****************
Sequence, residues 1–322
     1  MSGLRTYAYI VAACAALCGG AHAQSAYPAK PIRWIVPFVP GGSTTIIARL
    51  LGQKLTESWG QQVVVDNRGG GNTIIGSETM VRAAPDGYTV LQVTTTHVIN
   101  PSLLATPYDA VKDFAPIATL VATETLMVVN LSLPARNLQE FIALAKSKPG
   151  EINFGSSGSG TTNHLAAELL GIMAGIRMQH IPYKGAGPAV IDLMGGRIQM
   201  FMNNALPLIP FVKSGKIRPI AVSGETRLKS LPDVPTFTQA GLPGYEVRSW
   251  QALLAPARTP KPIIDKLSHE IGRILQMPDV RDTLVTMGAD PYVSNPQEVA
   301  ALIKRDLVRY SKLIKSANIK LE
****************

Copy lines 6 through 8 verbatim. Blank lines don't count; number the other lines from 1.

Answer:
   201  FMNNALPLIP FVKSGKIRPI AVSGETRLKS LPDVPTFTQA GLPGYEVRSW
   251  QALLAPARTP KPIIDKLSHE IGRILQMPDV RDTLVTMGAD PYVSNPQEVA
   301  ALIKRDLVRY SKLIKSANIK LE